artist watch list
[Fazel] set out on a photographic and philatelic odyssey from his mother’s home in Fort Wayne, Ind. His mission was to photograph each of the nation’s 50 state capitol buildings and dispatch a postcard from each city, using postage stamps from a childhood collection. Each postcard would be mailed to the next state on his journey, where he would pick it up, continuing until he had gone full circle back to Indiana.
But there was a problem. On a flight from Sacramento, Calif., to Honolulu, Mr. Fazel described his project to a fellow passenger. He later discovered that she had reported him as suspicious — perhaps to the pilot or the Transportation Security Administration — and taken a picture of him as he slept.
Maybe it was because he was vaguely foreign looking, he reasoned, and his photographic endeavor seemed menacing in a post-9/11 landscape. He also had a three-day growth of beard, he recalled. And, although Mr. Fazel grew up mostly in the United States and is an American citizen, there was his Iranian name.
And it wasn't just a problem boarding planes. While in Jackson, Mississippi, a loudspeaker order Fazel (by name) to come out of his van with his hands up. After being handcuffed, face down on the concrete he was allowed to get back in his van and go. In Atlanta Fazel was prevented from entering the capitol building. In Columbia, South Carolina he was questioned by police officers who somehow knew Fazel lived in Italy. At the Maryland capitol he was was asked to wait and then:
Ramak Fazel's has an art show about this (called 49 State Capitols) that opens tonight at the Storefront for Art and Architecture and runs through March 8th.
Suddenly, Mr. Fazel said, he was handcuffed and rushed through corridors into a police station, where a man he later learned was a member of the Maryland Joint Terrorism Task Force with the F.B.I. started speaking to him in Farsi.
As Mr. Fazel related it, the experience went as follows:
“I’m American,” Mr. Fazel said. “I speak English.”
Another officer asked, “Where are you really from?” Mr. Fazel produced his Indiana driver’s license.
“I can tell by looking at you that you’re not from Fort Wayne,” the officer replied.After a four-hour encounter in which he was asked about a recent trip to Iran for an Italian design magazine and about who was financing his trip to state capitols, he was released without being charged.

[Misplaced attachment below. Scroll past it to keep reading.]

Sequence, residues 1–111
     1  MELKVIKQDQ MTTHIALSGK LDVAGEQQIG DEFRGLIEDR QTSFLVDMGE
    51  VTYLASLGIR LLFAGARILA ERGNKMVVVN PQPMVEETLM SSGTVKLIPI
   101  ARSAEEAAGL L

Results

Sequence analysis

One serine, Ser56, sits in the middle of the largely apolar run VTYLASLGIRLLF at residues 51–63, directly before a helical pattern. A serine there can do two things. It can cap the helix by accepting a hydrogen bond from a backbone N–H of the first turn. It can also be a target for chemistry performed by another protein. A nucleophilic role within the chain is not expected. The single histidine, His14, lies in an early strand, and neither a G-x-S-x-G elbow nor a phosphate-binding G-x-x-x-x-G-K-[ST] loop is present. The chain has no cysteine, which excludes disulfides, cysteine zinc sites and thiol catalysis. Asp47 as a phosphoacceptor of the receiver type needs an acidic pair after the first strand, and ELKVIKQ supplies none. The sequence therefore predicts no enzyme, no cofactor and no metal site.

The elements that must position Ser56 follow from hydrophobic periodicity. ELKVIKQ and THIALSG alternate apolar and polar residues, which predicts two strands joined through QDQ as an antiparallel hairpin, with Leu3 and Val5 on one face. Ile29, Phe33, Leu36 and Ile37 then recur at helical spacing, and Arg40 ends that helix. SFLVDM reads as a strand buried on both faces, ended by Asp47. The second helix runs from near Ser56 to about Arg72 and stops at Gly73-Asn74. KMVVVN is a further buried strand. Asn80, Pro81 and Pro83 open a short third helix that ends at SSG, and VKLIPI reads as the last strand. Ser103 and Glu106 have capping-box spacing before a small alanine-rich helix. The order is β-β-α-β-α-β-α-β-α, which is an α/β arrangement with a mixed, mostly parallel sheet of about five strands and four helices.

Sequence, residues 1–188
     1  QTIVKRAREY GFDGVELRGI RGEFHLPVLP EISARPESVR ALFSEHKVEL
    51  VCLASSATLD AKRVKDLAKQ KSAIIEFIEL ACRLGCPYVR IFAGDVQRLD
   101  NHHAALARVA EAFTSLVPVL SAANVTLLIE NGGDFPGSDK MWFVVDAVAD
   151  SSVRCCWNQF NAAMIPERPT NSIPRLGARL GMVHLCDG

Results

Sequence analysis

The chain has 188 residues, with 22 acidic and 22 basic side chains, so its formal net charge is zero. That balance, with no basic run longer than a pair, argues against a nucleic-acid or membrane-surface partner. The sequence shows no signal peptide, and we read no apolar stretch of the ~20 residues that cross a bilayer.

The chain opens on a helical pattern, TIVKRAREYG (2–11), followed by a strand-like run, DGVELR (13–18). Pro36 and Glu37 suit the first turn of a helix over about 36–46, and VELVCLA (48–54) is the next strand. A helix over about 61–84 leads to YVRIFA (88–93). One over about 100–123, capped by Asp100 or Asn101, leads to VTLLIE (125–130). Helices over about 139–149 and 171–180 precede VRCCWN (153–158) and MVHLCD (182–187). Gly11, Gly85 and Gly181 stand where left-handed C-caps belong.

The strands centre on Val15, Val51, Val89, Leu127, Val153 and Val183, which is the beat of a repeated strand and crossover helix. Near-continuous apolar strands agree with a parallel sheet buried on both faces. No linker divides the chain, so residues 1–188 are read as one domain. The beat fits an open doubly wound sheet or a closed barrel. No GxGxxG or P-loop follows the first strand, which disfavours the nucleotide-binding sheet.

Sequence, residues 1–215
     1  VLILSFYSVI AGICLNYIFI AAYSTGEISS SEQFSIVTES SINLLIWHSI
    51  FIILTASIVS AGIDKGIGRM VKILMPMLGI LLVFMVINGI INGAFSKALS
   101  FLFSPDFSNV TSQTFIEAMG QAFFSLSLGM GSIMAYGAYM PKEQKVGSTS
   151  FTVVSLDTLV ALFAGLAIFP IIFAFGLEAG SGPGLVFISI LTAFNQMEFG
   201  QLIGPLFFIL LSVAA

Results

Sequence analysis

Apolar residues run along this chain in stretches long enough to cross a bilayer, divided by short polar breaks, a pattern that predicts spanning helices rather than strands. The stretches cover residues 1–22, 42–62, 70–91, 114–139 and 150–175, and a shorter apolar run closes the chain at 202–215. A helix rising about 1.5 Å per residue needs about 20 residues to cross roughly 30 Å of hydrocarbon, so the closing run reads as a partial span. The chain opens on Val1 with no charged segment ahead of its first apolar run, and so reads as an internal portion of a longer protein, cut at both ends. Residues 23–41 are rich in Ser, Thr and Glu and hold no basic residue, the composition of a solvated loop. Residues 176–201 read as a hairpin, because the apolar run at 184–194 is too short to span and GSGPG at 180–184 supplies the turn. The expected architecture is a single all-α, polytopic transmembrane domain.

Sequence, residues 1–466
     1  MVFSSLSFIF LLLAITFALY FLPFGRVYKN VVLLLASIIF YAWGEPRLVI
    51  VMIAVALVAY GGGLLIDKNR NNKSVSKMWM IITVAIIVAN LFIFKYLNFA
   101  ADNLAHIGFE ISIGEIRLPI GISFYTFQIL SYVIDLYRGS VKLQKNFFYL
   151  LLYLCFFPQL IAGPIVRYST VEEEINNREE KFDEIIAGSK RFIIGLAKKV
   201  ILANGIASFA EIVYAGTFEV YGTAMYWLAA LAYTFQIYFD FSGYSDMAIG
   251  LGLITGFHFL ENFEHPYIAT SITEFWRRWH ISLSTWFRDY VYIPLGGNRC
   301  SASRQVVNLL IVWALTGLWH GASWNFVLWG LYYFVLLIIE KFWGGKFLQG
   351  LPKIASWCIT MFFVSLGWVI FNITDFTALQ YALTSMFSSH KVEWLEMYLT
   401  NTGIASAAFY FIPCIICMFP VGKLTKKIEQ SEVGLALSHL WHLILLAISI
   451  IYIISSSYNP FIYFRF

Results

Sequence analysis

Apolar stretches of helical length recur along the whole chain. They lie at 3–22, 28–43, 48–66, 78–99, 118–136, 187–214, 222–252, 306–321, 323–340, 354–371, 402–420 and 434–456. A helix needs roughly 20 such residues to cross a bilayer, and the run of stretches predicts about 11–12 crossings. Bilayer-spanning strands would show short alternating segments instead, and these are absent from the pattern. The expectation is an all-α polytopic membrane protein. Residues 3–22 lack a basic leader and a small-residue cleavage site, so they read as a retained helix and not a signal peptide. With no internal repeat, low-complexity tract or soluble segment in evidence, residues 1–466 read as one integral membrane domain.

Hasan Elahi, an artist and professor at Rutgers, has taken this sort of Kafka-esque experience and has turned it into an on-going performance. From a Wired Magazine article about him:
Elahi's site is the perfect alibi. Or an audacious art project. Or both. The Bangladeshi-born American says the US government mistakenly listed him on its terrorist watch list — and once you're on, it's hard to get off. To convince the Feds of his innocence, Elahi has made his life an open book. Whenever they want, officials can go to his site and see where he is and what he's doing. Indeed, his server logs show hits from the Pentagon, the Secretary of Defense, and the Executive Office of the President, among others.
The globe-hopping prof says his overexposed life began in 2002, when he stepped off a flight from the Netherlands and was detained at the Detroit airport. He says FBI agents later told him they'd been tipped off that he was hoarding explosives in a Florida storage unit; subsequent lie detector tests convinced them he wasn't their man. But with his frequent travel — Elahi logs more than 70,000 air miles a year exhibiting his art work and attending conferences — he figured it was only a matter of time before he got hauled in again. He might even be shipped off to Gitmo before anyone realized their mistake. The FBI agents had given him their phone number, so he decided to call before each trip; that way, they could alert the field offices. He hasn't been detained since.
So it dawned on him: If being candid about his flights could clear his name, why not be open about everything? "I've discovered that the best way to protect your privacy is to give it away," he says, grinning as he sips his venti Black Eye. Elahi relishes upending the received wisdom about surveillance. The government monitors your movements, but it gets things wrong. You can monitor yourself much more accurately. Plus, no ambitious agent is going to score a big intelligence triumph by snooping into your movements when there's a Web page broadcasting the Big Mac you ate four minutes ago in Boise, Idaho. "It's economics," he says. "I flood the market."